The cocking effort has been reduced with Sig Sauer’s proprietary GlideLight mechanism, giving magnum power for around 33 pounds of cocking force when normally 40 or 50 pounds of force would be required. The metal is well-finished in matte black Nitron, the same finish they apply to their firearms. The sliding safety is accessible on both sides of the stock for easy ambidextrous manipulation with the trigger finger. Speaking of triggers, this MatchLite has a flat trigger blade, popular these days on long-range precision rifles. The factory settings are considered optimized by SIG, but are user-adjustable with the included tools.
The Benjamin Vaporizer is synthetic-stocked only, with soft touch inserts at the gripping surfaces and a molded-in cheekpiece. The finish is good with no sharp edges or flashing needing to be trimmed. The metal receiver was well-finished in a black satin. The steel barrel has a polymer overlay ending in the polymer SBD (Silencing Barrel Device) giving an overall futuristic look to the Vaporizer.
Driven by Crosman’s Nitro Piston Elite second generation of gas piston, it can be considered to be in the magnum class as well. The safety is mounted inside the trigger guard and easily manipulated with the trigger finger without having to adjust the shooting hand position. Besides including the optic with the rifle, there’s a front and rear sight, which aren’t always standard on modern air rifles anymore. They’re plastic, but the rear sight is adjustable for windage and elevation. Additionally, sling attachments come standard on the Vaporizer. Its point of origin is China.
How did they shake out when slinging lead downrange? Keep in mind that the ASP20 was Sig Sauer’s first foray into the break-barrel airgun realm. Crosman/Benjamin, on the other hand, has experience in making airguns since the 1890s. Although most were CO2 or multi-pump models, they’ve been producing break-barrels for a long time.
Cocking wasn’t difficult with either rifle, although it wouldn’t be recommended to start young shooters with powerful springers like these. Cocking does take effort, and there’s some recoil that the rubber buttpad doesn’t mitigate. A shooter may tire quickly if shooting for any length of time. Plus, while both rifles are equipped with permanently affixed suppression technology, neither would be considered “backyard friendly” unless you have a pretty big backyard.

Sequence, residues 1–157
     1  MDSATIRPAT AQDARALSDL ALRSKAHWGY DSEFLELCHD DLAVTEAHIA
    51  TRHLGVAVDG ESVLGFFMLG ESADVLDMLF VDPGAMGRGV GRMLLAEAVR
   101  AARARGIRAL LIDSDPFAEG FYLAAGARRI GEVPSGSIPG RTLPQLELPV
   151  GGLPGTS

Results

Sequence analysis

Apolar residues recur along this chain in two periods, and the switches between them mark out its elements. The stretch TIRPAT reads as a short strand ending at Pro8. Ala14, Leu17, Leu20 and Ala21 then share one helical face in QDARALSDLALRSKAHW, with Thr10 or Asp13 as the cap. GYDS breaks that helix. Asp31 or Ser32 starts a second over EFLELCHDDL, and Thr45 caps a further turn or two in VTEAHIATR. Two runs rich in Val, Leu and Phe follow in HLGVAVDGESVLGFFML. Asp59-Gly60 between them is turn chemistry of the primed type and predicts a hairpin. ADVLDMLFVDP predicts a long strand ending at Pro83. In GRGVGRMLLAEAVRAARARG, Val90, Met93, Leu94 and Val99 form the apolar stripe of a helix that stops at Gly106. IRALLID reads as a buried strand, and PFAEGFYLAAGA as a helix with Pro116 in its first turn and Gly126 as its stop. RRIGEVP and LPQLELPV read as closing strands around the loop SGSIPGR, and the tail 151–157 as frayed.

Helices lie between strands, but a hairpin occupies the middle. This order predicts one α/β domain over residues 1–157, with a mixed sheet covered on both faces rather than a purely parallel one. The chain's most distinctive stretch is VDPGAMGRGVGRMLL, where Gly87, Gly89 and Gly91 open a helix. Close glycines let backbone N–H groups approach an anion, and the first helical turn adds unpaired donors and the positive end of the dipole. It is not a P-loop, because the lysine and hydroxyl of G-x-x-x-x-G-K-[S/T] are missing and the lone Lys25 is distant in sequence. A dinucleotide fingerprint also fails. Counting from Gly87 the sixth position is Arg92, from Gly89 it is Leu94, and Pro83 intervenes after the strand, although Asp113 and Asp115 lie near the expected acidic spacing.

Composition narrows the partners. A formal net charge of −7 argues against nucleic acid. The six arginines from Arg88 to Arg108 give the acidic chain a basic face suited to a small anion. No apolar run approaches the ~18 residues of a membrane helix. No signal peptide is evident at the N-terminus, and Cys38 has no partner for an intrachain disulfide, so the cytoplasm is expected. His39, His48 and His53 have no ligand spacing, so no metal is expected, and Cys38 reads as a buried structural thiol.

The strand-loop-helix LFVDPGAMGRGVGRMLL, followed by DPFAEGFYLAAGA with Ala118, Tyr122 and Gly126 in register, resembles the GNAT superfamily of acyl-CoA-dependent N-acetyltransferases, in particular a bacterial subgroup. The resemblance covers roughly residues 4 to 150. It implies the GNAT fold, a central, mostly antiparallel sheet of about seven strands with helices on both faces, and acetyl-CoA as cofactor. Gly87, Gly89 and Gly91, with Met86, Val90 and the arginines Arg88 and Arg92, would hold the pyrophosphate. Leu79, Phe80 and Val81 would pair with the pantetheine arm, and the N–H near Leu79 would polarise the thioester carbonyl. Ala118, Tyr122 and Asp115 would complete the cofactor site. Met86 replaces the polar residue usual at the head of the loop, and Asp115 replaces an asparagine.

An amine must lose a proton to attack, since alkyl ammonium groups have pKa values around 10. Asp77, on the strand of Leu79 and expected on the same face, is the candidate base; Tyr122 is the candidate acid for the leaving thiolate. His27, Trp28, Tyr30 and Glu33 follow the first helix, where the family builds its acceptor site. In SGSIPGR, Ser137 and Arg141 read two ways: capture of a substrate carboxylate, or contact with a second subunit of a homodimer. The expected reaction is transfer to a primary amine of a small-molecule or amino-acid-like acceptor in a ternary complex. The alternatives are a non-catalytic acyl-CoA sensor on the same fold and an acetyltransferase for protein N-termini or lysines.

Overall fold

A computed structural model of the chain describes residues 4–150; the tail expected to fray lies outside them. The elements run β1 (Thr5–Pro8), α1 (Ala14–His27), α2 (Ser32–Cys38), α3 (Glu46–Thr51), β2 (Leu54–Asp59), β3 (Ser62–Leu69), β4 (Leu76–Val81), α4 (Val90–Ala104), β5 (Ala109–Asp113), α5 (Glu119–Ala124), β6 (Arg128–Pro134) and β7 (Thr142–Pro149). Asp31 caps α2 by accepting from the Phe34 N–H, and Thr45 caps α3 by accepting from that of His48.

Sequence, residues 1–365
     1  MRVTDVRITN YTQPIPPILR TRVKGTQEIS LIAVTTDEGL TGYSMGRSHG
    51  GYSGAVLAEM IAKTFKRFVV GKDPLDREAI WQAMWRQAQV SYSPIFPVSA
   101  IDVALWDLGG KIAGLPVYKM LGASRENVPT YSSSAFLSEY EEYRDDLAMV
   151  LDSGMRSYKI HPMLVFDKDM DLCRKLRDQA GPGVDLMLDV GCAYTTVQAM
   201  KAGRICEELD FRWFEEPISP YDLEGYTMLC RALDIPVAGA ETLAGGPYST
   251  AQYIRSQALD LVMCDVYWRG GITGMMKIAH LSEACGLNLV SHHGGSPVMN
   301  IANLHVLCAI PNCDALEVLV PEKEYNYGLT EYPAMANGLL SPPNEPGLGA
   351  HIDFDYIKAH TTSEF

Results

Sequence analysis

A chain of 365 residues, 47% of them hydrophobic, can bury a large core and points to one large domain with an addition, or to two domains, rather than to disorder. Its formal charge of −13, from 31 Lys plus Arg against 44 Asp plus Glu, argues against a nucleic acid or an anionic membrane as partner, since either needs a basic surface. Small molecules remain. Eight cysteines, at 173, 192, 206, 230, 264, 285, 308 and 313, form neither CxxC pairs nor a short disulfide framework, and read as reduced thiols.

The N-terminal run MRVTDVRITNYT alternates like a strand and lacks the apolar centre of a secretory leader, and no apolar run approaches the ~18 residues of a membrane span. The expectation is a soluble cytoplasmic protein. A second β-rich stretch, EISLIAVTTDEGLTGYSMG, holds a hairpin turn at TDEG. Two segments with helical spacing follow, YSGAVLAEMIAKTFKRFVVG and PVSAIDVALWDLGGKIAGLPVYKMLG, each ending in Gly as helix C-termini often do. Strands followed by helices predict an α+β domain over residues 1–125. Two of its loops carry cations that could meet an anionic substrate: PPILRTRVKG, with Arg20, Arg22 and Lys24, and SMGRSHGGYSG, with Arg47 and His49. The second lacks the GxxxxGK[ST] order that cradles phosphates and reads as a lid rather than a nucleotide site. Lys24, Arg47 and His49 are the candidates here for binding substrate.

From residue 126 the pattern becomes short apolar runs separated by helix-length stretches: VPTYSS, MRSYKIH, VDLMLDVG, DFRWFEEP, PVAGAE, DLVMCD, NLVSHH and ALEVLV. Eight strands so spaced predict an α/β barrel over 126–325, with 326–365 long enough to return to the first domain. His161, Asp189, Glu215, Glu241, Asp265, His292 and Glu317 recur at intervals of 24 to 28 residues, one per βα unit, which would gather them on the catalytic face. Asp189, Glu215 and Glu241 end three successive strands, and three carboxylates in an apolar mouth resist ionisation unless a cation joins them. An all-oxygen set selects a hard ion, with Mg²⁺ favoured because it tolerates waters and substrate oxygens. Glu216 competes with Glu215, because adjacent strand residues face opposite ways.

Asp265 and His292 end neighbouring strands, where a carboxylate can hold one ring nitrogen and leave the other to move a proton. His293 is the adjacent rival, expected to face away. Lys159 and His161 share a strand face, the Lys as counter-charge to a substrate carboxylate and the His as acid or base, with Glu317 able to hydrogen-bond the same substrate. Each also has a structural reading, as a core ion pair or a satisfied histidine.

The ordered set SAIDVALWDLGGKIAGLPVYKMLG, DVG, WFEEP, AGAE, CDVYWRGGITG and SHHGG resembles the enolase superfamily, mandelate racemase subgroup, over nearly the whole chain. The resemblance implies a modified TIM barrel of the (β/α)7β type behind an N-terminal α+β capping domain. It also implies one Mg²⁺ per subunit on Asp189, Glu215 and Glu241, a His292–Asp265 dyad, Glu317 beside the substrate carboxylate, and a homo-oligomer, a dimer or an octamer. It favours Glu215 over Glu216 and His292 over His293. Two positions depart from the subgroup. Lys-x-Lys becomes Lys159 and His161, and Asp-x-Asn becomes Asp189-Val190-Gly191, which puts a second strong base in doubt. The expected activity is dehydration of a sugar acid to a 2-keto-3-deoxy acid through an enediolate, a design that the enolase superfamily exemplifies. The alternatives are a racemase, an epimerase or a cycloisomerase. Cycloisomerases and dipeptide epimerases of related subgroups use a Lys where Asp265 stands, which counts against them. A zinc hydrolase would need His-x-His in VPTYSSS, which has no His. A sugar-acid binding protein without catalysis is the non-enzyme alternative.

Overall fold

While you won’t necessarily need ear protection with these airguns, it’s not a bad idea. Out of the box, the trigger pull on the ASP20 MatchLite trigger averaged 3 pounds, 2.8 ounces. The Vaporizer’s trigger averaged 6 pounds, 1.5 ounces. Typically, since these are loaners, the triggers are left as they come from the factory, but they’re adjustable for both pull length and weight.
The accompanying table shows velocity (fps), foot-pounds of energy (fpe), and grouping with various pellets.
> Both airguns come with a five-year warranty, which shows the commitment to quality that these manufacturers are making.
> Both airguns have nicely finished metal and good fit to stock, with the ASP20 having the edge in this category.
> The ASP20 is entirely made in the USA.
> The Whiskey3 is an excellent scope to go with the ASP20 (sold separately or as part of a kit) and provides a pellet drop compensating elevation turret.
> The Vaporizer includes a decent CenterPoint scope in the MSRP and has extras like open sights and sling attachment points. In the past, cheap scopes were thrown in to entice the buyer while allowing the manufacturer to remain at a competitive price point. Now good-quality scopes have come down in price so that very serviceable models can be included with some air rifles on the market and still be competitive.
> Use of plastic triggers
> Thicker or spongier buttpads are in order if using these air rifles over a long shooting session.
> ASP20 has a solid, nicely styled stock that’s comfortable. My concern was the slickness of it, except where laser etching was done on the pistol grip and forend. If hunting in a wet environment, the ability to attach a sling would be important.
Both of these airguns are also available in a .177 model. These airguns are relatively inexpensive and easy to use, operate, and maintain. They provide plenty of power as critter-getters and do so with relative quietness — more so than firearms. Either would be a good choice should you need to bug out in a SHTF scenario, depending on your potential quarry and the power level needed. The wise prepper would give due consideration to including at least one of these in their kit or bug-out bag.
Benjamin Vaporizer Airgun
Length: 46.5 inches
Weight: 8.7 pounds
Sights: CenterPoint 3-9×40 AO scope plus open sights
SIG Sauer ASP20 Airgun
Length: 45.6 inches
Weight: 9.7 pounds
Stock: Wood or synthetic
Sights: None (unless purchased as kit w/scope)
MSRP: $400 synthetic; $490 wood (w/Whiskey3 scope: $580; $670)
Never fire your break-barrel airgun without a pellet in the chamber! Dry-firing can permanently damage these types of airguns. Additionally, don’t put your favorite firearm scope on one of these babies, because they generate a unique recoil impulse that’s both backward and forward each time the gun is fired. This can destroy scopes that aren’t designed to handle it.